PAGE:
MINI’s round of rejuvenating updates for its hatchback models have also found their way onto the Convertible version. For 2018, the MINI drop-top gets a tweaked look and new tech, as well as more ways to personalise it than ever before.
Like the Hatch, the Convertible’s facelift is a subtle one. At the front there are new headlights and DRLs, while at the rear you’ll notice the standard fit (in the UK, at least) Union Flag LEDs. The MINI’s expansive use of chrome can now be toned down if you opt for the black exterior pack, too, while new winged badges, fresh colour options and extra wheel designs also feature. The hatchback’s 3D-printed nameplates and dash trims are available, too.
On the inside, standard kit now includes a multifunction steering wheel and a 6.5-inch colour touchscreen, while a sat-nav system with a larger screen and connected services joins the options list. That’s the sum total of the changes because the Convertible’s model and engine range remains the same.
We got behind the wheel of the Cooper S, which is still a hoot to drive. Lopping the roof off has done little to water down the fun; while most cabrio cars suffer the inherent consequences of decapitation, MINI’s engineers have done an excellent job in preventing too much wobble.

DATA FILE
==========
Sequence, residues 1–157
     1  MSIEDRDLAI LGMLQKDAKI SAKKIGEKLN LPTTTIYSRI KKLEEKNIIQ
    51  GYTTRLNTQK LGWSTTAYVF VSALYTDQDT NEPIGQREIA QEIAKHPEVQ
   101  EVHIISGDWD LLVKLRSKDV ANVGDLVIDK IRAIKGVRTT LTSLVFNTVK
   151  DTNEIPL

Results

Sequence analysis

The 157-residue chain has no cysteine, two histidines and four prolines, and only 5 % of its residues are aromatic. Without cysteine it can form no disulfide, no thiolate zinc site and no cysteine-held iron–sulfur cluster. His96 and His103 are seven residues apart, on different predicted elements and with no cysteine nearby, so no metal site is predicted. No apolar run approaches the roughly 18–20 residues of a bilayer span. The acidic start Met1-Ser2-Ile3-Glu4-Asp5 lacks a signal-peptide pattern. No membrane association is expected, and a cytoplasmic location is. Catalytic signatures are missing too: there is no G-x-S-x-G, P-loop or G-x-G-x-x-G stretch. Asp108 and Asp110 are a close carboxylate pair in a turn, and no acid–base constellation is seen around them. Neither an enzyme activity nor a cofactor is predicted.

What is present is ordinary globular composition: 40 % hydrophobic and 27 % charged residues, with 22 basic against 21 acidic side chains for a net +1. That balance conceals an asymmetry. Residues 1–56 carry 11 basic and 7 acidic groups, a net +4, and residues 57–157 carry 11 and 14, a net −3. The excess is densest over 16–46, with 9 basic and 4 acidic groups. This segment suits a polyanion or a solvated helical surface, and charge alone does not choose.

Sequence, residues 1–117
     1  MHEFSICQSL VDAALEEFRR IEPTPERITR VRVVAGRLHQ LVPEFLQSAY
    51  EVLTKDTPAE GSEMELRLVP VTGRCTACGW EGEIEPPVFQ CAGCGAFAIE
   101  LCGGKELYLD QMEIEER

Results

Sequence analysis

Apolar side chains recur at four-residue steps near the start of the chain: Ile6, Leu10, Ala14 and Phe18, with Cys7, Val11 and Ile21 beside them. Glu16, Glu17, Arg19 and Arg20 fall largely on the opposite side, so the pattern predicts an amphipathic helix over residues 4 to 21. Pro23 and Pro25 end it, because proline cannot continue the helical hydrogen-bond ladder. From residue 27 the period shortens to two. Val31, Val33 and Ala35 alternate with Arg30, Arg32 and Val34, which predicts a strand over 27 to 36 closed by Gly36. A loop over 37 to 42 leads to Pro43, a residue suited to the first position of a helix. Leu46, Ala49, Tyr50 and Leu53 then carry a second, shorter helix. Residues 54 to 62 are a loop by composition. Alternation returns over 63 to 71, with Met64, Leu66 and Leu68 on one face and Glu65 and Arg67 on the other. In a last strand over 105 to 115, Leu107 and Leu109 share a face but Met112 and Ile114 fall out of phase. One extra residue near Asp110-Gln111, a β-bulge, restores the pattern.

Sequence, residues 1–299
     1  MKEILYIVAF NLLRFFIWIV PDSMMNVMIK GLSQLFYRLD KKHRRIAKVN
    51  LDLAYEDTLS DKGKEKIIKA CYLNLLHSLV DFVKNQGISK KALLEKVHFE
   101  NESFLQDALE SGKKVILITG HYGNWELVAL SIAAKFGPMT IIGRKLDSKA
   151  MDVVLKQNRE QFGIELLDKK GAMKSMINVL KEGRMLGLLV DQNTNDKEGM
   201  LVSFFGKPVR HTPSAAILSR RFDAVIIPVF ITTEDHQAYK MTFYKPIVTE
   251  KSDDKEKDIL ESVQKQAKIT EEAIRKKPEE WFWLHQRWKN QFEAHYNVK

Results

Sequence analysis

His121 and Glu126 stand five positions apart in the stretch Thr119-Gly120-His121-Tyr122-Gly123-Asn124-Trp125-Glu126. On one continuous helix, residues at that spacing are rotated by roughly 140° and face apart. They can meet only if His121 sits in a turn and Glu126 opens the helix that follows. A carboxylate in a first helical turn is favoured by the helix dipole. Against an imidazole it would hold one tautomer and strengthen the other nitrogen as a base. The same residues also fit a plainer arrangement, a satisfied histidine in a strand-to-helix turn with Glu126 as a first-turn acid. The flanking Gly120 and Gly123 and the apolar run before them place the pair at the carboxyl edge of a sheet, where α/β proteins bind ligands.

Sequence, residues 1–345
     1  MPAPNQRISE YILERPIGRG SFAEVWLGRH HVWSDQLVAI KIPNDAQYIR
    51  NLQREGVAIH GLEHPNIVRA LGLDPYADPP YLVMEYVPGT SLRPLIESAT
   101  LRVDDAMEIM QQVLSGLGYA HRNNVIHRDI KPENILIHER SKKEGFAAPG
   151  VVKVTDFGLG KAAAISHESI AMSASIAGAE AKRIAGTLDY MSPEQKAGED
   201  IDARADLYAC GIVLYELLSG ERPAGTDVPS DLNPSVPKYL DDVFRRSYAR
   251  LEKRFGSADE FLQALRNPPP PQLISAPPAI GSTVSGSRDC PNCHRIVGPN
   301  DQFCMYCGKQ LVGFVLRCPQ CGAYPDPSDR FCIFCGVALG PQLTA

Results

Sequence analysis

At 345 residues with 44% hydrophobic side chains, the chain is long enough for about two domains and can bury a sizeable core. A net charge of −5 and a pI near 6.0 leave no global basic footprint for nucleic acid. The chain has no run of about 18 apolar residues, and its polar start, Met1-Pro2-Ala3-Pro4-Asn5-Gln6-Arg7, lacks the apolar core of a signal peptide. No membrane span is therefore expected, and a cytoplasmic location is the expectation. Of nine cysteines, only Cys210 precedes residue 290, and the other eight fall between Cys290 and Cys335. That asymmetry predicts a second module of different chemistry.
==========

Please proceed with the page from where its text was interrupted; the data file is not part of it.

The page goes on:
Our car had MINI’s new seven-speed dual-clutch Sports Automatic gearbox and it’s a big improvement over the old auto. It’ll offer rapid-fire changes when you’re driving quickly, or seamless shifts when you’re cruising. It’s a £1,700 upgrade over the six-speed manual.
The 2.0-litre four-cylinder engine pushes out 189bhp meaning the S sits nicely between the Cooper and JCW in terms of power output. The chassis is agile and the steering and controls have a lovely connected feel to them. Switch to Sport mode and you’ll notice a few pops and crackles added to the exhaust’s rorty note.
Attack a corner and there’s a sniff more understeer than you’ll find in the Hatch, as well as an odd vibration through the steering, but on the whole, the Convertible feels almost as well sorted as its hard-topped brother. The only real gripes concern rear visibility when the roof is down, and wind noise with the roof raised. The boot is measly, while space in the back is poor but that’s almost to be expected in a convertible car of the MINI’s dimensions.